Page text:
Four Common Mistakes Athletes Make in the Offseason

Getting bet­ter is nev­er easy (and it shouldn’t be, right?) but these com­mon mis­takes can make off­sea­son train­ing even hard­er than it needs to be.

Four Common Mistakes Athletes Make in the Offseason

Getting bet­ter is nev­er easy (and it shouldn’t be, right?) but these com­mon mis­takes can make off­sea­son train­ing even hard­er than it needs to be.

Fierce ath­letes know there’s noth­ing off” about the off­sea­son – those weeks and months are all about prepar­ing to come back bet­ter and stronger than the last time you com­pet­ed. Getting bet­ter is nev­er easy (and it shouldn’t be, right?) but these com­mon mis­takes can make off­sea­son train­ing even hard­er than it needs to be.

4. Flying solo

One of the smartest things ath­letes can do to improve in the off­sea­son is take up anoth­er sport. Get an extra work­out by join­ing a rec league on top of your gym time, or go out for anoth­er one of your high school’s teams. Challenging your body in new ways, along­side oth­er ath­letes, will boost your ath­leti­cism and pro­vide valu­able tools for your pri­ma­ry sport.

3. Failing to plan

When left to your own devices, it’s easy to float from one exer­cise to the next. But as long as you’re sweat­ing and feel­ing the burn you’re doing good work, right? Maybe not.

A big dif­fer­ence between work­ing out” and real­ly train­ing is estab­lish­ing a plan and stick­ing to it. Finding a con­sis­tent train­ing sched­ule that works for you will make work­outs more effec­tive and remove any guess­work. Coaches and per­son­al train­ers are great resources for this kind of sched­ule, so def­i­nite­ly hit em up.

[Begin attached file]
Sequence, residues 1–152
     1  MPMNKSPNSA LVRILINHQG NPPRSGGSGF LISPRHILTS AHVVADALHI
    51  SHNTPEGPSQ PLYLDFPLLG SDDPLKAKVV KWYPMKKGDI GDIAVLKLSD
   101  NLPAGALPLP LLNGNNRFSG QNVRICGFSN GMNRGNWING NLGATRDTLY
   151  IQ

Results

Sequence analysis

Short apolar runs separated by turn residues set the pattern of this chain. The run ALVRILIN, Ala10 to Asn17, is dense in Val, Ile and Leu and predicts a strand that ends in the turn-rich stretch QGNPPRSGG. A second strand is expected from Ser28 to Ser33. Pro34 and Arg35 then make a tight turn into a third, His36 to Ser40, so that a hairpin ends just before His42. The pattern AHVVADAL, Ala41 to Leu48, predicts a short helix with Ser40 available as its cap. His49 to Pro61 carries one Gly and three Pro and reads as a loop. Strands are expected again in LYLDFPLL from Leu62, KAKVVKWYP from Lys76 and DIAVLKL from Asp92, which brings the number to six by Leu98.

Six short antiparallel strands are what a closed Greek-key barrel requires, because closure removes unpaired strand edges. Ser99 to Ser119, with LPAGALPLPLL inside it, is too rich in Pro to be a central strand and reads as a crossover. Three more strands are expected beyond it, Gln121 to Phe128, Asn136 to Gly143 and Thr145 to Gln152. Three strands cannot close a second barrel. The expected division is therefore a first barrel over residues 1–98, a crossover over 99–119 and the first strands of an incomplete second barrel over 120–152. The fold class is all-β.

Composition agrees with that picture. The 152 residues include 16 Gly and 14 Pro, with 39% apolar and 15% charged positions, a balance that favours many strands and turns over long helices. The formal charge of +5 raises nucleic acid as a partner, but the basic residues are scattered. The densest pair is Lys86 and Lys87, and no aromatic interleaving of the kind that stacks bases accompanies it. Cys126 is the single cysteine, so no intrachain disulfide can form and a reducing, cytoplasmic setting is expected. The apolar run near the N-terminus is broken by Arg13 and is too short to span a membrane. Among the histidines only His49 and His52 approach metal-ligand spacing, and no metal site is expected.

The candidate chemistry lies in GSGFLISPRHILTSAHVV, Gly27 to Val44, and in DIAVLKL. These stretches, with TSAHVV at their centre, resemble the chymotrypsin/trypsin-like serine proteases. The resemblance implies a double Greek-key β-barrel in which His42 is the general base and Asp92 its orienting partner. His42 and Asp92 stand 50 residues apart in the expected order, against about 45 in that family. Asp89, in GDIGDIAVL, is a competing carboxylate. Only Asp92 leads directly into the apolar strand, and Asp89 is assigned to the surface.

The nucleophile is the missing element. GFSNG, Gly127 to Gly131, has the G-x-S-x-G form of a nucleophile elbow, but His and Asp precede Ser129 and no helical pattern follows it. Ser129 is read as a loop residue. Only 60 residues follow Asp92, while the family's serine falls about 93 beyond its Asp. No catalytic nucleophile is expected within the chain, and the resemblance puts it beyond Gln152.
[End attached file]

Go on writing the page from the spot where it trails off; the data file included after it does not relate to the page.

2. Missing the point

Offseason train­ing should be about becom­ing a bet­ter ath­lete. While your bench or ver­ti­cal might increase, your focus needs to be broad­er. Focus on over­all improve­ment, using your work­outs to become stronger, more agile and bet­ter con­di­tioned. Focusing on ath­leti­cism will help those sport-spe­cif­ic skills in the long run.

1. Not tracking progress

Improvement takes time, and you won’t always real­ize progress as it hap­pens – unless you’re keep­ing track. You’re bound to notice some tan­gi­ble strides, like gained or lost pounds, but you may miss the more sub­tle dif­fer­ences like changes in your form, pow­er and over­all performance.

Take an inven­to­ry of your skills when you begin a train­ing pro­gram so you have some­thing for a com­par­i­son halfway through, and again when you’re fin­ished. Use Hudl Technique to record your­self at the out­set of a pro­gram, and you can check out your progress with side-by-side videos. The self-com­par­i­son and slow-motion play­back make sub­tle improve­ments easy to spot. You might sur­prise your­self with how far you’ve come.

Download Hudl Technique for free.